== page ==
Here was a mic capturing all the mid-range we’d expect, and with all the body that we love for home tone. There’s plenty of top-end too; it doesn’t sound like someone threw a blanket over it.

The mic they were using was a ribbon mic, the AEA Nuvo N22. And it was just my luck that a 2nd hand one turned up earlier this month.

Literally all I’ve done with it so far is plugged it in to make sure it wasn’t DOA. When I’ve got some free time (haha I wish) it’s going to get used for making Kemper profiles and on some female vocals.

Mad Professor 1 Brown Sound Pedal

Mad Professor’s 1 Pedal. The Eddie Van Halen sound in a box.

Speaking of Kemper profiles, I’ve started thinking about collecting as many Marshall-in-a-box (MIAB for short) pedals as possible. I think it’d be handy to have a wide palette of Marshall-like tones to hand.

Plus, I’m a huge fan of Mad Professor pedals. So when a couple of these 1 pedals came up on the 2nd hand market this month for a really good price, I thought it was a good idea finally pick one of these up.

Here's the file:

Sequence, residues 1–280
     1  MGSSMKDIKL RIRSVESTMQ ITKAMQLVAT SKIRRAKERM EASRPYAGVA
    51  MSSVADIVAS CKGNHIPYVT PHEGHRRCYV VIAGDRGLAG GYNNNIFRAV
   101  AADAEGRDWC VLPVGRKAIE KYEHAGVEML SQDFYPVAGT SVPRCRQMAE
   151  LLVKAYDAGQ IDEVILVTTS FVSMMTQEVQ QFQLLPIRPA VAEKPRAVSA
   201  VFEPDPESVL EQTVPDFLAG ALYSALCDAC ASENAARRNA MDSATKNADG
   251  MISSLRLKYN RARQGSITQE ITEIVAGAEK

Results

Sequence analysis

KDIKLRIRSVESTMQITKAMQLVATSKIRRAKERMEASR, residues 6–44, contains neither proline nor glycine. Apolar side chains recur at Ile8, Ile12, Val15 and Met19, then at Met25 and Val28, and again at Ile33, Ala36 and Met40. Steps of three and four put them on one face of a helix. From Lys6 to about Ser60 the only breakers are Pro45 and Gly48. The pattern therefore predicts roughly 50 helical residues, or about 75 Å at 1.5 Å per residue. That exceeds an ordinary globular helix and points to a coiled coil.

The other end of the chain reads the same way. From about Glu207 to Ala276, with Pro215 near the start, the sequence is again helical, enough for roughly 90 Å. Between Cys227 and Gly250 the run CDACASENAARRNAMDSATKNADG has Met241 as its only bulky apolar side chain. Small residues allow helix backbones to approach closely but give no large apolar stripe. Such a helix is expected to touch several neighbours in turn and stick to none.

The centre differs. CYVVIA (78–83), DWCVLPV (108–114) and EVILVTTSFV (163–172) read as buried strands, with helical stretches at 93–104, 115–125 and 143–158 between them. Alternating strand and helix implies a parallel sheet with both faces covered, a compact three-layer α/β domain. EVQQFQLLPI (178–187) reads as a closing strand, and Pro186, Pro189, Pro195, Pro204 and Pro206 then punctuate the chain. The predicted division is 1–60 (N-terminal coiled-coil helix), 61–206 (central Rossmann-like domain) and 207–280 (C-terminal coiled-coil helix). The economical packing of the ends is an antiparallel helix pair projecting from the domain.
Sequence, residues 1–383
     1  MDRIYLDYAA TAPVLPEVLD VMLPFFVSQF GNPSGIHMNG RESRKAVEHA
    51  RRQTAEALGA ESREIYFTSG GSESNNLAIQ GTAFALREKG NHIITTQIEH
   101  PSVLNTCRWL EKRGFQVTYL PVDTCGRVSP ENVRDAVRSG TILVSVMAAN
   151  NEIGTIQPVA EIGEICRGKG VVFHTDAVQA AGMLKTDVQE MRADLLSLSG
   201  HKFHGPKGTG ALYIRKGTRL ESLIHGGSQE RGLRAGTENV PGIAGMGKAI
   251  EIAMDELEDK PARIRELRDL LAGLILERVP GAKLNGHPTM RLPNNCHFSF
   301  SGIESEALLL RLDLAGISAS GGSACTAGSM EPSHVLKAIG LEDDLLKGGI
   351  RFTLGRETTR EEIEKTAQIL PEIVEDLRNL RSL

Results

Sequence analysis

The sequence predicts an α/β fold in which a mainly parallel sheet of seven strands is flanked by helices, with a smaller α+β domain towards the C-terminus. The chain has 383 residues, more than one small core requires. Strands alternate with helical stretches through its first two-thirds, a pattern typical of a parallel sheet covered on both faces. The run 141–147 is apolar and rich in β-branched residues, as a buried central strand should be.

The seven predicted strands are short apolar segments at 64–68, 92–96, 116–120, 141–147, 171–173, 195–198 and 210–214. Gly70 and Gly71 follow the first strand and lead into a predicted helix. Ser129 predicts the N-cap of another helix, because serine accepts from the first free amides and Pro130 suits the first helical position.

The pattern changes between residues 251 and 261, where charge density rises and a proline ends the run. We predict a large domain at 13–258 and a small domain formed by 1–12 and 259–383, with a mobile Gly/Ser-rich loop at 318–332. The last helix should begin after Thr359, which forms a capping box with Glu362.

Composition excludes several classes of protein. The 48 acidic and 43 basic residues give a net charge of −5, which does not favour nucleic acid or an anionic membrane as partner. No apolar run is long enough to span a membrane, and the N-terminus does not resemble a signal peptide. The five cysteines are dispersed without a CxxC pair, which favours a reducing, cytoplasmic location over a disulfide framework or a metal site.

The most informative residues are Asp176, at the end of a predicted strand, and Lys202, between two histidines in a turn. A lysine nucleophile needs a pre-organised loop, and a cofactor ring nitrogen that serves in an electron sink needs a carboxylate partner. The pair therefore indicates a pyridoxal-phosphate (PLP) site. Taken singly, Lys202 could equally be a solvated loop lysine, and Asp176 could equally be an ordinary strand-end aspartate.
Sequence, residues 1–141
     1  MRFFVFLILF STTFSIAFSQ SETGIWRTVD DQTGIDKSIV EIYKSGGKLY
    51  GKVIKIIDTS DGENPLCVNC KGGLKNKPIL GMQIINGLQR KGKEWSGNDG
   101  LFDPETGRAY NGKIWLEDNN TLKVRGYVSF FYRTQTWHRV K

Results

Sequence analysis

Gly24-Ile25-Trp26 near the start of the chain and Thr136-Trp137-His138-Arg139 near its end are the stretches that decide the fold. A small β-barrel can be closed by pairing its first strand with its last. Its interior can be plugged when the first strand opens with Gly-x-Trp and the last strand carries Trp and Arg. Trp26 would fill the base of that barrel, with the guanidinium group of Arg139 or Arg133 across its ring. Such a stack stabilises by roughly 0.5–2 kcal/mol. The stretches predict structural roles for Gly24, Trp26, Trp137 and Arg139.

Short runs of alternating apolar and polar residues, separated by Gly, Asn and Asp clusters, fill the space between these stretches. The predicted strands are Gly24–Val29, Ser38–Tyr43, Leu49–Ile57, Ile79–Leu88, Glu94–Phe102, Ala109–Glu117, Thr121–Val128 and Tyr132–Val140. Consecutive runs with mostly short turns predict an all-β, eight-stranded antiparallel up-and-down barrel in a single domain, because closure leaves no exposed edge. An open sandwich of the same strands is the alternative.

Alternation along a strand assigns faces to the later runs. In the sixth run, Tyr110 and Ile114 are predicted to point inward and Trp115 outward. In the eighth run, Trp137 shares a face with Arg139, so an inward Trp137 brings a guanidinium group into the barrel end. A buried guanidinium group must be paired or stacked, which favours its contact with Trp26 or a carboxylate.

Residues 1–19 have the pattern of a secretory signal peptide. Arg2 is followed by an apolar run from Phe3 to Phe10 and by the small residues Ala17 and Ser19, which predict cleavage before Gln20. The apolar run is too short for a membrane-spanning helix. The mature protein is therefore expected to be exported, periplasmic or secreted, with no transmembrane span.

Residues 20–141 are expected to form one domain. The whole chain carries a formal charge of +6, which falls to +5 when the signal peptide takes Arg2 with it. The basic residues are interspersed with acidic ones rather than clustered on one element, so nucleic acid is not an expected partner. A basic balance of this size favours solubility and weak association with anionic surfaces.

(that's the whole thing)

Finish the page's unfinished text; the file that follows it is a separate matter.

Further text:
How can I describe it? It’s basically got two settings – high gain, and melt-your-face-off gain. As you’d expect, it’s a one-trick pony (most MIAB pedals are), but what a trick. It gives you that perfect 80s hair-metal tone that we all wished we actually had back in the day.

Carl Martin PlexiTone Drive Pedal

The PlexiTone overdrive pedal from Carl Martin.

This is another Marshall-in-a-box (MIAB) pedal that I’ve seen plenty of but never heard before. I can’t remember seeing any demos of this up on YouTube. So I was curious to try it – if one came available at a good price on the second hand market.

I’m glad I did.